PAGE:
Perspectives Across Frontiers
Edited by Leo W.J.C. Huberts, Jeroen Maesschalk and Carole L. Jurkiewicz
Chapter 6: Ethical Leadership and Administrative Evil: The Distorting Effects of Technical Rationality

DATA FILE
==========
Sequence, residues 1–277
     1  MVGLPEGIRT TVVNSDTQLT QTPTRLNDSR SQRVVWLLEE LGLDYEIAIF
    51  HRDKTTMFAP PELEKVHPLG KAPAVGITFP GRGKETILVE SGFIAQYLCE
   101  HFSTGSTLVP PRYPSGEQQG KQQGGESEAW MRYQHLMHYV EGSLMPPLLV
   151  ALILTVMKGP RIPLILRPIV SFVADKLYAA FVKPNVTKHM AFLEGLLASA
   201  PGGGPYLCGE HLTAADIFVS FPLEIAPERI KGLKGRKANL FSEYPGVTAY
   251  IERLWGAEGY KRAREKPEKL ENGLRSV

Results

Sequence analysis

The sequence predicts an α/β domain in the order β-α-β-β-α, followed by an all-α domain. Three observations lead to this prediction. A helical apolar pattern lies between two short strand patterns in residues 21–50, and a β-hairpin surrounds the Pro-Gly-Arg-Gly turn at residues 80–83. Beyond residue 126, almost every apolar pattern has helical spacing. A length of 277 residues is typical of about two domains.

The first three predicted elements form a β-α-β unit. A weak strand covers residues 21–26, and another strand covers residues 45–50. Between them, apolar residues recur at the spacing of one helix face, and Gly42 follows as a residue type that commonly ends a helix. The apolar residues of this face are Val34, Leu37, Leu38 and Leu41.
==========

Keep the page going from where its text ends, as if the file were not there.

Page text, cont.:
6. Ethical leadership and administrative evil: the distorting eﬀects of technical rationality Guy B. Adams and Danny L. Balfour INTRODUCTION This is a tale of two leaders. Both owe their reputation and careers to their membership in the Nazi party and their participation in the tragedy of the Holocaust, yet they are remembered fondly, albeit for very diﬀerent reasons. One, Wernher von Braun, engaged in acts of administrative evil, but managed to achieve considerable success in his career as a rocket scientist. The other, Oskar Schindler, failed repeatedly in his professional and personal life but is remembered as an ethical exemplar, a hero who saved many lives. Their stories poignantly illustrate the paradox of ethical leadership in modern organizations, in which ‘good’ leaders and managers need not be ethical, and ethical leaders run the risk of being marginalized and even ostracized. These cases show that how society judges an individual’s ethical behavior is less a result of the behavior itself than of the social and cultural context in which it occurs. THE CHALLENGE OF ADMINISTRATIVE EVIL We have written extensively on the nature and characteristics of what we call administrative evil (Adams and Balfour, 2004). The central issue for this chapter is that despite an extensive literature on public service ethics, there is little recognition of the most fundamental ethical challenge in modern organizations: that is, one can be a ‘good’ and responsible professional or administrator and at the same time commit or contribute to acts of administrative...
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